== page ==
Why Black folks need broadband

The Center for Creative Voices in Media’s The Case for Universal Broadband: Now! study was released today. It says that this country needs everyone to have equal access to reliable high-speed Internet connections. I agree, and I think this is especially true for Black people.

As I alluded to in this podcast, I see Internet-access issues as issues of rights that should be protected. I take that thinking in part from the brilliant Dr. Robert Moses who wrote this concerning math education:

“Mathematics education is a civil rights issue.” — Dr. Robert Moses

Black folks must take advantage of the Internet and broadband technology at a deeper level. It’s cool to have high-speed internet access as a way to view retarded dances on YouTube or play checkers online. It’s even more cool to use the Internet as it was intended: as a tool to share information and ideas with the world.

If anyone needs an authentic mouthpiece through which they can articulate their thoughts and a lens through which they can dictate how others see them, it Black people in this country. Using the Internet at a tool to create meaningful change is the most effective tool in the activist’s handbook since the sit-in. Don’t believe me? Ask Mychal Bell and the rest of the Jena 6, who would all have been condemned to God knows what if it had not been for Black bloggers keeping this issue at the forefront of the minds of those willing to listen and act.

One Love. One II.


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About Garlin Gilchrist II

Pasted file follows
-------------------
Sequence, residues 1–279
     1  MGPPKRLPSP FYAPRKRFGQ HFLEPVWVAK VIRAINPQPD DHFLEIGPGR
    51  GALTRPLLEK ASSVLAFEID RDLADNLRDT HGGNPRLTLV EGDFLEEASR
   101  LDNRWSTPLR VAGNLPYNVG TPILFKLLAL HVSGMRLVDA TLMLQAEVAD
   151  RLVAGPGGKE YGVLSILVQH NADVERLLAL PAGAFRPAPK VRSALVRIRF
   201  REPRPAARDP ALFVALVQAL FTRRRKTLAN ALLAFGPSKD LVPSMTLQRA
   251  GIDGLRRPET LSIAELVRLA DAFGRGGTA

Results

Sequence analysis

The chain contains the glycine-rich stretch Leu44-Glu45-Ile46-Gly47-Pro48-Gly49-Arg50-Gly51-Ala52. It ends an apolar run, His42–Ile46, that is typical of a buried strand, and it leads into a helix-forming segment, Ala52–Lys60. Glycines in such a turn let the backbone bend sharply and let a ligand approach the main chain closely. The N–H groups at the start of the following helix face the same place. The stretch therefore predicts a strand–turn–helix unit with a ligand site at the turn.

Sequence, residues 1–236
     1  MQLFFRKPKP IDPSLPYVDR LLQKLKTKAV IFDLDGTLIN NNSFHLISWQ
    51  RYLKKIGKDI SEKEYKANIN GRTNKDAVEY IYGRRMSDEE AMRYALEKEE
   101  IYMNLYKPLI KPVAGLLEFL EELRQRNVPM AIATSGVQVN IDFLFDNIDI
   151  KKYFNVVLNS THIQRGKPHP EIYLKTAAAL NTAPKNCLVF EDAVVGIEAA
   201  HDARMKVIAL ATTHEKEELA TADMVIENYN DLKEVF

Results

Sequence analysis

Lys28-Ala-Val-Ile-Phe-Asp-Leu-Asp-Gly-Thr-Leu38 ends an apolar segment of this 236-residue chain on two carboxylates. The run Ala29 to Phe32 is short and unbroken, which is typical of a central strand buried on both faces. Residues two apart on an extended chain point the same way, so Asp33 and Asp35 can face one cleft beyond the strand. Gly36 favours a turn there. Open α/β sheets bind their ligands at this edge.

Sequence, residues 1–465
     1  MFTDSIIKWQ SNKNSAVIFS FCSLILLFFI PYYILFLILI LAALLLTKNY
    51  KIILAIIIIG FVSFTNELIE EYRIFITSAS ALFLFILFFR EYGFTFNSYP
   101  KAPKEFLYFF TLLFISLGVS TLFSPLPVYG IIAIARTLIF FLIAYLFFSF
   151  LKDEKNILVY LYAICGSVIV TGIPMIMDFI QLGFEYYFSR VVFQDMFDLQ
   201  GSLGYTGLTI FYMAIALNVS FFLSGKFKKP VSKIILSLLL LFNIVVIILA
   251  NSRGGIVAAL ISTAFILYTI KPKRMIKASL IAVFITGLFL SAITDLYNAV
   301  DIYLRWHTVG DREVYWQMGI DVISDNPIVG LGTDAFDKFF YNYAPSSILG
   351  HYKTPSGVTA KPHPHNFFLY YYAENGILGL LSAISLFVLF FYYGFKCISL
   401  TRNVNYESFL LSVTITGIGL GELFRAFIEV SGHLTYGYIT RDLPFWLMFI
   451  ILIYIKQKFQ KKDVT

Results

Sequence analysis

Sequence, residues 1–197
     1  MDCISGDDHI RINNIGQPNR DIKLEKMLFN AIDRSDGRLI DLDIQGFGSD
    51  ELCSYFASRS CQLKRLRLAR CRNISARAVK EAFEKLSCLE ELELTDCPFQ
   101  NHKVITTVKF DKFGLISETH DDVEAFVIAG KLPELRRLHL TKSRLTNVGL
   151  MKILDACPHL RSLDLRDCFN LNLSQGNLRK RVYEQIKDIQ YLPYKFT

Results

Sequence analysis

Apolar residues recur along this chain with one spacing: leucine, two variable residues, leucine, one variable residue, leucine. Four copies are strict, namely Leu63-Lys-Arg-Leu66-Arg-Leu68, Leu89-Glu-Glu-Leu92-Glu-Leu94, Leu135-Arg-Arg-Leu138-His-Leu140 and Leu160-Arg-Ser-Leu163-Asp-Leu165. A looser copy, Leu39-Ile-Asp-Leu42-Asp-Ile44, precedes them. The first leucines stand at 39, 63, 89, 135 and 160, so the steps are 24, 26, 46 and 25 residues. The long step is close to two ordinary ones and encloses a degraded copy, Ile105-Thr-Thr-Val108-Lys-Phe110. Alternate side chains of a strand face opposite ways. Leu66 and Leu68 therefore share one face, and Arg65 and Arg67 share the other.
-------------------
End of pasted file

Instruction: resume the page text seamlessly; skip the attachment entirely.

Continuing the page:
I am the City of Detroit's first ever Deputy Technology Director for Civic Community Engagement. My job is to open up the city's public data and information for the consumption and benefit of all Detroiters. I currently live in Detroit, my hometown, with my beautiful wife Ellen and our twins Garlin III and Emily Grace. I'm from Detroit. I created Detroit Diaspora, and was formerly the National Campaign Director at MoveOn.org. I also co-hosted The #WinReport on "The Good Fight," a an award winning, nationally syndicated radio show that was one of Apple's Best of 2013. After graduating with degrees in Computer Engineering and Computer Science from the University of Michigan, I became a Software Engineer at Microsoft. By day, I helped build SharePoint into the fastest growth product in the company's history. On my personal time, I sought out opportunities to connect my technical skills with community building efforts across the country. This led to my co-founding The SuperSpade: Black Thought at the Highest Level, a leading Black political blog. I served as Social Media Manager for the 2008 Obama campaign in Washington, and then became Director of New Media at the Center for Community Change. I spent two years creating and implementing a strategy for the Center to take it's 40 years of community organizing experience into the digital age. I speak before diverse audiences on effective & responsive government, empowerment in revolutionary new organizing spaces, increasing civic engagement & participation through emerging technologies and protecting civil rights in the age of the Internet. Full bio here.

2 responses to “Why Black folks need broadband”

  1. Anonymous says :

    it blows the mind, that we haven’t got it yet. ideas and information…on a global scale…anybody…at anytime…

    wow. to think if we collectivly began to use the internet as a tool for self experession…to think what we could show the world.

    how do we get the message out, that black folks need to start educating themselves. the digital divide expands everyday. i ask…what side will you be on?

    thanks g, for the reminder…uh, wake-up call.


  2. regi says :

    one more thing. is there anything on tv besides BET, commercials that target black kids and outdated black sitcoms?

    the revolution will definitely not be televised. it will be downloaded.

    myblackbox coming soon.

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